New York

Dennis Oppenheim

Church and White Streets and Sixth Avenue

On a wedge of concrete formed by a street intersection, Dennis Oppenheim, in a project organized by the Lower Manhattan Cultural Council and the New York City Transportation Department, placed Rolling Explosion, 1984. The site is an odd-sized remnant created by the overlay and convergence of two street grids; it is not much good for anything except as a pedestal for public art. The metaphysical meanderings in steel, wood, and fiberglass that Oppenheim transported to this site form a curious piece which shifts unpredictably between the playful and the sinister. On a slightly elevated track, a pair of open wheels rest as if frozen from motion. An axle between the wheels is an open rectangular steel frame—an abacus, for it contains riblike coils that thread wooden blocks, beads, and dumbbells. Conjecturing movement, the viewer envisions these threaded elements racing on collision courses of devastating potential.

This large, hollow spool is poised slightly beyond the midpoint of the length of track, which slopes slightly to the north. At either end of the track laminated wood bumpers offer some resistance should the wheels become unfastened. While at the site, I saw three people try to push the spool from its precarious, stationary perch, an effort whose success would have set the work on a course up Sixth Avenue.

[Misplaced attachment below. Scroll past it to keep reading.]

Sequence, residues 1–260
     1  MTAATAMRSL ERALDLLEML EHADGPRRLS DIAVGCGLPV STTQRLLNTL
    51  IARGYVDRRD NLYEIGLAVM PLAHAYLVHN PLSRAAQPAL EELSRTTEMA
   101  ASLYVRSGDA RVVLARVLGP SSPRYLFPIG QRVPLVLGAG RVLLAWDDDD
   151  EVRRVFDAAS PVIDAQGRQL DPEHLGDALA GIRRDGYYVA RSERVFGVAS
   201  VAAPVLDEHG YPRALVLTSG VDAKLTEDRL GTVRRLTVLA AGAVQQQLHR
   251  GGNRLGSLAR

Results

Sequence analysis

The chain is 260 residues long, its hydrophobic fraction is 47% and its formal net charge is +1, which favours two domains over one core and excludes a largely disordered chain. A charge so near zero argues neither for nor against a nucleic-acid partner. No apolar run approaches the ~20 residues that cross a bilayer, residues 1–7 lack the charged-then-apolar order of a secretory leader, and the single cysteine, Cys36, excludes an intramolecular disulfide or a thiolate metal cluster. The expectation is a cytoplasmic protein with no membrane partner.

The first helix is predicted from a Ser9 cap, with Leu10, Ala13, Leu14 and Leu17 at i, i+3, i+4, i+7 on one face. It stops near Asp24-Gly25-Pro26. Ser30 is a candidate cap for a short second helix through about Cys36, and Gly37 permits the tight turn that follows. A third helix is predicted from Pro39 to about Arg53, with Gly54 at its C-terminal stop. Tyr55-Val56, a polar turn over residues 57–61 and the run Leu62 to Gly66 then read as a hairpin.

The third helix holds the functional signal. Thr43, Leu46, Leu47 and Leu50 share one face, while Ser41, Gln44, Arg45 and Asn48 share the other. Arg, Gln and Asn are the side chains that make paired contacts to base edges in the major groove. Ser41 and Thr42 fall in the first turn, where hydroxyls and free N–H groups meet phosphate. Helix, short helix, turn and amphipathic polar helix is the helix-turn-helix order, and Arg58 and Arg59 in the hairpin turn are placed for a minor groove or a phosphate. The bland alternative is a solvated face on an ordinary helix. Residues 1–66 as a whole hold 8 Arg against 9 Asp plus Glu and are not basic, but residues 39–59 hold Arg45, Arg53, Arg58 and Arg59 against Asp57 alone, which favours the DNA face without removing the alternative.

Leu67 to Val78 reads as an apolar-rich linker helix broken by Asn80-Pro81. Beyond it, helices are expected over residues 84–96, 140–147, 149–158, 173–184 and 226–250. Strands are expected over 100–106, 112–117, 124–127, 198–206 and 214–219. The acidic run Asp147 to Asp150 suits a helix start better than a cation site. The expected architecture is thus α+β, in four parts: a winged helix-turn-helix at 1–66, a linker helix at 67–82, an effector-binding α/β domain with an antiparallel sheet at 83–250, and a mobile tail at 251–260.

Oppenheim shares Duchamp’s fascination with machines as models of intellectual distance. The construction seems harnessed yet threatening, nonchalant yet tense. Whether interpreted as a huge, scaleless toy, a metaphysical model of momentum, or a sinister, self-conscious object to generate fear and unease, Rolling Explosion is hypnotic; it possesses autonomy with no discernible purpose, and, like all Oppenheim’s work, it explores ideas about art, entropy, and metaphysics. Yet the piece lacks a congruence and fluidity of idea and action. Like Duchamp, Oppenheim believes that anything that can be thought can be made, but Rolling Explosion demonstrates that one’s aspiration can also exceed one’s grasp. The work’s form has been guided by fascinating and problematic ideas about instability and metamorphosis, but in that it fails to translate a code or language, or to become a symbol or image leading to more significant understanding and insights, its resonance and power are eclipsed. It is a too-literal transmutation of thoughts that are almost unthinkable, a model that contains rather than expands possibilities.

Patricia C. Phillips